Pairing Except for certain cells for example, sperm and egg cells or red blood cellsthe nucleus of every human cell contains 23 pairs of chromosomes, for a total of 46 chromosomes. Normally, each pair consists of one chromosome from the mother and one from the father. There are 22 pairs of nonsex autosomal chromosomes and one pair of sex chromosomes. Paired nonsex chromosomes are, for practical purposes, identical in size, shape, and position and number of genes. Because each member of a pair of nonsex chromosomes contains one of each corresponding gene, there is in a sense a backup for the genes on those chromosomes.
The 23rd pair is the sex chromosomes X and Y. Sex chromosomes The pair of sex chromosomes determines whether a fetus becomes male or female.
Males have one X and one Y chromosome. Females have two X chromosomes, one from the mother and one from the father. In certain ways, sex chromosomes function differently than nonsex chromosomes.
The smaller Y chromosome carries the genes that determine male sex as well as a few other genes. The X chromosome contains many more genes than the Y chromosome, many of which have functions besides determining sex and have no counterpart on the Y chromosome. In males, because there is no second X chromosome, these extra genes on the X chromosome are not paired and virtually all of them are expressed. Genes on the X chromosome are referred to as sex-linked, or X-linked, genes. Normally, in the nonsex chromosomes, the genes on both of the pairs of chromosomes are capable of being fully expressed.
However, in females, most of the genes on one of the two X chromosomes are turned off through a process called X inactivation except in the eggs in the ovaries. X inactivation occurs early in the life of the fetus. In some cells, the X from the father becomes inactive, and in other cells, the X from the mother becomes inactive. Because of X inactivation, the absence of one X chromosome usually results in relatively minor abnormalities such as Turner syndrome. Thus, missing an X chromosome is far less harmful than missing a nonsex chromosome see Overview of Sex Chromosome Abnormalities.
If a female has a disorder in which she has more than two X chromosomes, the extra chromosomes tend to be inactive. Thus, having one or more extra X chromosomes causes far fewer developmental abnormalities than having one or more extra nonsex chromosomes.
For example, women with three X chromosomes triple X syndrome are often physically and mentally normal. Males who have more than one Y chromosome see XYY Syndrome may have physical and mental abnormalities. Chromosome abnormalities There are several types of chromosome abnormalities. A person may have an abnormal number of chromosomes or have abnormal areas on one or more chromosomes.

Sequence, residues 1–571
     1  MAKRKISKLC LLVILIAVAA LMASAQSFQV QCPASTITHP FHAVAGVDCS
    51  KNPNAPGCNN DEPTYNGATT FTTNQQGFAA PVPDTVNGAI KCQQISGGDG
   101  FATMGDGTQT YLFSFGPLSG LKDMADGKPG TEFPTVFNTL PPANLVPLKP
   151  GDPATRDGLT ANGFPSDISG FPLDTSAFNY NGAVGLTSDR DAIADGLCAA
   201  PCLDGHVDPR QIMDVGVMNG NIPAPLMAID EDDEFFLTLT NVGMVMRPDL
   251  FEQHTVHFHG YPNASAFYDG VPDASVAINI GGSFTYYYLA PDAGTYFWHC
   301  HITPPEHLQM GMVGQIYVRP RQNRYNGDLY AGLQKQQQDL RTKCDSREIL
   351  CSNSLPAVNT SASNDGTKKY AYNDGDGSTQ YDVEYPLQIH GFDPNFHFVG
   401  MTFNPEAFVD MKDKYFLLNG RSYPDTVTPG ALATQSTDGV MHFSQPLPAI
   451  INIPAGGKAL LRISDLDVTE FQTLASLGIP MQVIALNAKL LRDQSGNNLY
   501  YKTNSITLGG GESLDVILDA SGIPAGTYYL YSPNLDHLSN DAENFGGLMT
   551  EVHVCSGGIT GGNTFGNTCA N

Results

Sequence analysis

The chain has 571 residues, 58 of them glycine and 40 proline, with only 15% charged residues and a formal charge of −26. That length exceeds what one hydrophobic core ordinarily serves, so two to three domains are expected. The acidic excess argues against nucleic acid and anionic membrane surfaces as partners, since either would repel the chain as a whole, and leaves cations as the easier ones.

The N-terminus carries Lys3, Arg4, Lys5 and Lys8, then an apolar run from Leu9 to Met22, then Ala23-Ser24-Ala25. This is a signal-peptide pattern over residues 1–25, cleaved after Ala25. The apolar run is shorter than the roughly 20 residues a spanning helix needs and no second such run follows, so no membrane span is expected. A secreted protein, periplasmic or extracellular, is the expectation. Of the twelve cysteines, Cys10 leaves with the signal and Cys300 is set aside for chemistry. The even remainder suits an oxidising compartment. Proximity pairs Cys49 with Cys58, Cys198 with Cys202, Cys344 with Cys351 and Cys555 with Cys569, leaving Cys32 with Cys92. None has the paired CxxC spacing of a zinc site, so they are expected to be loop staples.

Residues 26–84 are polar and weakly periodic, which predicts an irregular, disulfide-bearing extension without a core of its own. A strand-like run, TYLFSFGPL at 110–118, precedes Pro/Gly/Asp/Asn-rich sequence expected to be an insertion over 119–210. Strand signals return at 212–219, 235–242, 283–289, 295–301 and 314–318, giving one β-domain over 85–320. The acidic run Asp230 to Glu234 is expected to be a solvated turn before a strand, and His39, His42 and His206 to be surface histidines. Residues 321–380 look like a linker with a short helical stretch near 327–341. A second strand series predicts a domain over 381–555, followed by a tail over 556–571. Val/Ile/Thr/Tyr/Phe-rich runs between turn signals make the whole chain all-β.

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Many such abnormalities can be diagnosed before birth see Testing for chromosome and gene abnormalities. Abnormal numbers of nonsex chromosomes usually result in severe abnormalities. For example, receiving an extra nonsex chromosome can be fatal to a fetus or can lead to abnormalities such as Down syndromewhich commonly results from a person having three copies of chromosome Absence of a nonsex chromosome is fatal to the fetus.
Large areas on a chromosome may be abnormal, usually because a whole section was left out called a deletion or mistakenly placed in another chromosome called translocation.
For example, chronic myelogenous leukemia is sometimes caused by translocation of part of chromosome 9 onto chromosome This abnormality can be inherited or be the result of a new mutation. Proteins are chains of chemical building blocks called amino acids. A protein may contain a few amino acids or it could have several thousands.
The size of a protein is an important physical characteristic that provides useful information including changes in conformation, aggregation state and denaturation. Protein scientists often use particle size analysers in their studies to discuss protein size or molecular weight.
Archibald Garrod Archibald Garrod was one of the first scientists to propose that genes controlled the function of proteins. Inhe published his observations regarding patients whose urine turned black.
This condition known as alkaptonuria happens when there is a buildup of the chemical homogentisate, which causes the darkening of urine.
In most situations, excess amounts of amino acid phenylalanine are metabolised by the body. This led Garrod to surmise that the enzyme responsible for its breakdown must be defective in these patients. In addition, since the black urine phenotype was passed from generation to generation in a regular pattern, Garrod reasoned that a gene had to be responsible for the production of the defective enzyme.
He attributed a defective enzyme to a defective gene, suggesting a direct link between genes and proteins. The Relationship Between Genes and Proteins Most genes contain the information require to make proteins.